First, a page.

Cesarean Delivery rates are rising in the United states. Why is that? Well there are many factors at play.
So what is a Cesarean Delivery? A Cesarean, is the delivering of a baby through a surgical incision, through the mother’s abdomen and uterus. According to the U.S. CDC, around 32% of women in the U.S who gave birth in 2015 had a cesarean.
Opinion Alert: Myself personally I’ve had two Cesareans, and one vaginal birth. I’ve mentioned before, in a previous post, that I’d take a vaginal delivery over Cesarean. I wasn’t able to do a VBAC (Vaginal Birth after Cesarean) with my last two because of heavy vaginal bleeding and placenta previa (placenta previa is when the placenta covers the cervix). Now let me say in case I unintentionally hurts someone’s feelings, or someone jumps to conclusion(you know, because people do that). If you need/ed a C-Section because of a risk to your life or your baby, I am not against that, nor do I believe that C-Sections aren’t giving birth to your children (which is a really ridiculous notion…). My thoughts are that if not medically necessary, it’s a major surgery with complications, that could be a risk to yourself or your baby, and that some medical practices increases a mother’s risk to have a Cesarean, that not many mothers (or fathers) are aware of. So enough of my opinion lets get to the facts, and stats!
Why C-Sections are increasing?:
Here are some stats/facts that I pulled from National Partnership:
- Low priority of enhancing women’s own abilities to give birth.
- Refusal to offer the informed choice of vaginal birth.
- Casual attitudes about surgery and variation in professional practice style.
- Incentives to practice in a manner that is efficient for providers.
- Limited awareness of harms that are more likely with cesarean section.
- Women’s great trust in their maternity care.
How many of you guys knew what a VBAC was? Were you offered, or informed of this practice? Some are not. In a lot of cases if you had a horizontal Cesarean you are able to have a VBAC. Cesereans also have a longer recovery period than a vaginal one, which also means your hospital stay is a little longer. Some women, also opt out of vaginal birth, because of a traumatic delivery experience. Well here are some more facts before I hit on that point:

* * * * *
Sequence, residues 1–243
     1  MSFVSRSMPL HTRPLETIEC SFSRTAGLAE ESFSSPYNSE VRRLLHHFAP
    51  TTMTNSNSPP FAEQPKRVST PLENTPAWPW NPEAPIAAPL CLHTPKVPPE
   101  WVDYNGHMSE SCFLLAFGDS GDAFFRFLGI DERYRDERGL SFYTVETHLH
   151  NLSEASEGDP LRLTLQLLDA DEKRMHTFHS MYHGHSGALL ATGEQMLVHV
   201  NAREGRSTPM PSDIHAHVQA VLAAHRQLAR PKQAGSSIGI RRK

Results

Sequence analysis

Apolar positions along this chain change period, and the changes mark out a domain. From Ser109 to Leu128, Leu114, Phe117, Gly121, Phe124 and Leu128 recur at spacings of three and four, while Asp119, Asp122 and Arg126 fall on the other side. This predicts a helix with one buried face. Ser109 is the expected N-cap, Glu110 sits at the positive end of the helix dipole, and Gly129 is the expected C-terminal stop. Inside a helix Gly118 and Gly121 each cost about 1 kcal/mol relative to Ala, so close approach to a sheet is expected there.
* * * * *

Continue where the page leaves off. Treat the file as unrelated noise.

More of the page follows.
Having induced labor puts you at risk for having complications, and your more likely to deliver via C-Section. Pitocin causes fast, and hard contractions which can stress your baby, and I don’t know about you, but I can imagine that being squeezed that hard is stressful. Contrarily because pitocin causes unnatural contractions, that are extremely painful (trust me I know) you’re basically screaming for an epidural. Guess what? Epidural slows down your labor. Your more likely to be in labor for a longer period of time, and now the risk of infection is higher.
Inductions are done without much thought, but I believe that mothers should be more aware of the risks (I know I wasn’t). Forcing your baby to come before they’re ready, can be harmful to you and your baby. Many times due dates can be off by several weeks. They come when they come! Trust your body!
If you had a traumatic birth, and you didn’t have an induction, pitocin to speed up labor, or an epidural, which as we’ve mentioned can cause complications; I do understand. I will say that every birthing story is different with every child (Hence my own two c-sections, and one vaginal birth). I encourage you to try again if you are able too.
In conclusion, understand that I hold nothing against women who decide to get cesarean, but I believe more women should be aware of the risks.
Here are some things you can do to prevent a cesarean:
- Avoid inductions/pitocin if possible
- Try a doula who can be an advocate to your personal beliefs
- Use a Midwife
- Be active during pregnancy, try pregnancy yoga, or a Dancing for Birth Class
- Take a birthing class
- Try different laboring positions instead of the traditional laying back position
If you decide to, or have to deliver C-section I encourage you to research Gentle C-Section and bring it up to your Mid-Wife or OB/GYN. In the end a a successful delivery is what matters!
***More information here on some of the reasons why doctors suggest C-Sections and if it really is a necessary.***
Stay encouraged and be blessed!